Just so I get it into my very thick skull - if he goes on to raw (either in part or wholly) - is there any increased risk or concerns about handling him? For example, in the evening he will sit partially on my lap, and will want his tummy/chest rubbed and will tell me off if I stop without the proper permissions :D), can bacteria be transferred this way from him to me from say, just his coat?

Thanks again.
 
I'm sure bacteria can theoretically be transferred from the fur... but as Hemlock pointed out, people will pet cats who catch birds and rodents, and we simply don't hear about raw feeders falling ill in their droves. And we think nothing of sharing a sofa, and often a bed, with naked pets who don't wipe their bums. And when you think of the raw sewage that ends up in places people regularly swim....
 
Thanks everyone for the helpful replies. I'm really leaning towards trying Honey's trial pack (£20) where they'll suggest a recipe. If I go down this route I'll probably swap out one of his meals a day to see how it goes, and let that inform me as to what to do next.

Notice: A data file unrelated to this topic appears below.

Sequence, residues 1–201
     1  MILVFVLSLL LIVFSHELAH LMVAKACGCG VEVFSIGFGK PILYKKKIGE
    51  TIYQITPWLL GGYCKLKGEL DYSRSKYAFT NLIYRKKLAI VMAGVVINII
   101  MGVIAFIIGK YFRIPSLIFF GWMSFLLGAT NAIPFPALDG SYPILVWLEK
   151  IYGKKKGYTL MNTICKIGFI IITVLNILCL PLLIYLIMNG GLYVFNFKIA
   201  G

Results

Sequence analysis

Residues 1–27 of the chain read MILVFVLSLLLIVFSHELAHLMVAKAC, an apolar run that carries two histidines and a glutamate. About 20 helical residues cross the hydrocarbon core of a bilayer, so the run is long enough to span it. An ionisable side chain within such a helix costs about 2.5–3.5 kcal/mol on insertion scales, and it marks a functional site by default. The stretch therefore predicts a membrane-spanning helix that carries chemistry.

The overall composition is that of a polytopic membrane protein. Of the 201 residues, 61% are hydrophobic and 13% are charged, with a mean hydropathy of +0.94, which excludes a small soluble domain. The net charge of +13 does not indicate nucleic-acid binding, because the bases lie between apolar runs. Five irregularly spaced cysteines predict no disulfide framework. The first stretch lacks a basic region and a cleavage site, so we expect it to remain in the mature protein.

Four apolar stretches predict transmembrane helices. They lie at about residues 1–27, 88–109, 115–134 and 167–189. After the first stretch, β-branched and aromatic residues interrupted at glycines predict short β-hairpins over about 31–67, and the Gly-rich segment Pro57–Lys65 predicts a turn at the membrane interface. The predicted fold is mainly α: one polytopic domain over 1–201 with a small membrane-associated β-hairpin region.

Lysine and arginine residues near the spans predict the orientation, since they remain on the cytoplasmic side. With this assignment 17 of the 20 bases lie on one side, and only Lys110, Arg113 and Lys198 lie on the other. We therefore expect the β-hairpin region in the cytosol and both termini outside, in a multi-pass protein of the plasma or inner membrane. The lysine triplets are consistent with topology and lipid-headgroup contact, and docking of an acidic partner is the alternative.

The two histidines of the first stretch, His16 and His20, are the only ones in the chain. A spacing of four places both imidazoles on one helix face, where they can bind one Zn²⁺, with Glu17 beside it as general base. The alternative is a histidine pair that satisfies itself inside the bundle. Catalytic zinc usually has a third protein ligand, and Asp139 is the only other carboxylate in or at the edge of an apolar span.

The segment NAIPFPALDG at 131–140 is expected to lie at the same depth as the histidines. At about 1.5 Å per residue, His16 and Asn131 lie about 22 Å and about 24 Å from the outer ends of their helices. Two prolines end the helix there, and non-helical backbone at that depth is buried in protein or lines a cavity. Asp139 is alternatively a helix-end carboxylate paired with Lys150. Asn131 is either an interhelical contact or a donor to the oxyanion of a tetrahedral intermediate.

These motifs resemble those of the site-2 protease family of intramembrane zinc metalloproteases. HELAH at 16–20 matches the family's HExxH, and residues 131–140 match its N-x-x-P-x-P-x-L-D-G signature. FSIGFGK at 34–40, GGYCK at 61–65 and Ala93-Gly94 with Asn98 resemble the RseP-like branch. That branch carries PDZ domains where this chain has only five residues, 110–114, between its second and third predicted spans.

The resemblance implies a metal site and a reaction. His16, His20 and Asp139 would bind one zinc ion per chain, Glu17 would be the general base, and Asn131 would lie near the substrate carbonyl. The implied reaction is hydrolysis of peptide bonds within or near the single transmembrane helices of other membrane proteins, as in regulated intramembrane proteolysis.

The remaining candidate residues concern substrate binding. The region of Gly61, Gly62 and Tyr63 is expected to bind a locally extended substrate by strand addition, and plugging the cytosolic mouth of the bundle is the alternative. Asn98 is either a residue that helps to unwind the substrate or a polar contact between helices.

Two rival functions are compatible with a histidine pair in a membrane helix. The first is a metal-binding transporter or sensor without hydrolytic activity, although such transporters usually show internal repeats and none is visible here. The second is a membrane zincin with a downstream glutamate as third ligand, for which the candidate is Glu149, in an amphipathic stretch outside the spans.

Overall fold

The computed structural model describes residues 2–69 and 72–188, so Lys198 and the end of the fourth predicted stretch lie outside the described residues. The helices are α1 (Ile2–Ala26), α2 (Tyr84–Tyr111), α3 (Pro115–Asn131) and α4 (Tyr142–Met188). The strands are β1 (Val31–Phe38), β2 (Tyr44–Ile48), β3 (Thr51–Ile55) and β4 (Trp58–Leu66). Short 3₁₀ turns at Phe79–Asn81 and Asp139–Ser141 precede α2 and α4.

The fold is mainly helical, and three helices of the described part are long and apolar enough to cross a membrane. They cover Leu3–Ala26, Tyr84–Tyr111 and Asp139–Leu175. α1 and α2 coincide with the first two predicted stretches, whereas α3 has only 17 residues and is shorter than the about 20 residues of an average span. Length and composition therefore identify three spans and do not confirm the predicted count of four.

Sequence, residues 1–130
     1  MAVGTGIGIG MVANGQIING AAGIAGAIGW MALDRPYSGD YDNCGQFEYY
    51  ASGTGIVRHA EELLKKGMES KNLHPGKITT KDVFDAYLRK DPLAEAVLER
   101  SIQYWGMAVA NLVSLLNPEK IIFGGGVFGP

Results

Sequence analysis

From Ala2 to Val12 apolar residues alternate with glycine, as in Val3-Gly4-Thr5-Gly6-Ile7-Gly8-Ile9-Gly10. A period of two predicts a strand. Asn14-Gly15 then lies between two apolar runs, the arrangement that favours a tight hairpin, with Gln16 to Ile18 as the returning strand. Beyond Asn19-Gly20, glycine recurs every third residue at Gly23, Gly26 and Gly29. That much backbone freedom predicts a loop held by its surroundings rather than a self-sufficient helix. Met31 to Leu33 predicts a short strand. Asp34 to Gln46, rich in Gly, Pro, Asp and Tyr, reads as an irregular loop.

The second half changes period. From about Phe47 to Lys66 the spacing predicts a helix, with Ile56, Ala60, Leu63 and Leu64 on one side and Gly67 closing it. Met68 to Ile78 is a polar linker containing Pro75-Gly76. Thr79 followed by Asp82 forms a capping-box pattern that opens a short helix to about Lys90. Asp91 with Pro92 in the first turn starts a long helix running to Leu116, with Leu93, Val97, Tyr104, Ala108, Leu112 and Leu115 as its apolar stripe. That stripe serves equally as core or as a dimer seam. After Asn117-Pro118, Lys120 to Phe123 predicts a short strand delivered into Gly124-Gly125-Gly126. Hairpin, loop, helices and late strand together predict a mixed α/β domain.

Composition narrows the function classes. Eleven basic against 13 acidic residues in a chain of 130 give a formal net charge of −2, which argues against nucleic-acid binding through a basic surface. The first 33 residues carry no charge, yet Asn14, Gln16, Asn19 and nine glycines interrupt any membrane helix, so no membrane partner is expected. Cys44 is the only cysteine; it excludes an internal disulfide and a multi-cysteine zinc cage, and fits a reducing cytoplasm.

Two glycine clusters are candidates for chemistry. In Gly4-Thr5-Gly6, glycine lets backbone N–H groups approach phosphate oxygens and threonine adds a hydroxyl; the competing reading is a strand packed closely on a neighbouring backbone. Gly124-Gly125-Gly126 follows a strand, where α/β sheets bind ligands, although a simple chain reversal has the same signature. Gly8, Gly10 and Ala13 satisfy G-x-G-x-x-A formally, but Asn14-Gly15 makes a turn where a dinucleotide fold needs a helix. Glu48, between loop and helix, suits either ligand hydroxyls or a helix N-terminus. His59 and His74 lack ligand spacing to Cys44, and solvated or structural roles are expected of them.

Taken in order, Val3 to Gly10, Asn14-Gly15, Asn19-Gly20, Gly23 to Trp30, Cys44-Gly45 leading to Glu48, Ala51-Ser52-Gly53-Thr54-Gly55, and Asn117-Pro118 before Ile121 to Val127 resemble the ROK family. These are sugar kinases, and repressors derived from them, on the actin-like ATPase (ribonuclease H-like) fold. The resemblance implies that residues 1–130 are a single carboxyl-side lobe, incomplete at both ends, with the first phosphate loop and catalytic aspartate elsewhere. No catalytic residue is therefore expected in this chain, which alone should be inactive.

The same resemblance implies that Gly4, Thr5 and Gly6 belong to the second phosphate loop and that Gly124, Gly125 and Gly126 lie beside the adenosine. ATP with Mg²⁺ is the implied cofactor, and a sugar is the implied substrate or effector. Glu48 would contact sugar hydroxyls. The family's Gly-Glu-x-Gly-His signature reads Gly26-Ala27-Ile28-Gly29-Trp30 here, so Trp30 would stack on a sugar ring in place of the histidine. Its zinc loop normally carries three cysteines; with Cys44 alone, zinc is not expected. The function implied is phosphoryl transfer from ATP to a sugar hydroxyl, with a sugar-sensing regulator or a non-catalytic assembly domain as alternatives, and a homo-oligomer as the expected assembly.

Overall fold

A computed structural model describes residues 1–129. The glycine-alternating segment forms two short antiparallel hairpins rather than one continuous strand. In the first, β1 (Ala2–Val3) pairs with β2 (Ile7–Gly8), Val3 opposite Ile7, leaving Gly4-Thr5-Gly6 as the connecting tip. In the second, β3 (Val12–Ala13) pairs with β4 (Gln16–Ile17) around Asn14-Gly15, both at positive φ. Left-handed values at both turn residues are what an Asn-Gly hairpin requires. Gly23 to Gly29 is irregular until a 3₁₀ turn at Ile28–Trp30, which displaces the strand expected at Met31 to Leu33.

Just so I get it into my very thick skull - if he goes on to raw (either in part or wholly) - is there any increased risk or concerns about handling him? For example, in the evening he will sit partially on my lap, and will want his tummy/chest rubbed and will tell me off if I stop without the proper permissions :D), can bacteria be transferred this way from him to me from say, just his coat?

Thanks again.
Maybe just wash your hands thoroughly before you handle food.
 
Bit late to this but can I just say that my ferrets live indoors and eat raw meat as well as a raw egg yolk once a week. They like to 'carpet shark' after eating (wiping their faces along the floor!) and in all these years we've never had a problem with cross infections. I would not kiss them after eating but that's not just the raw food thing it's because they are stinkers!!:D:D I do however still shower them with cuddles and kisses at other times, much to their annoyance usually!:p:D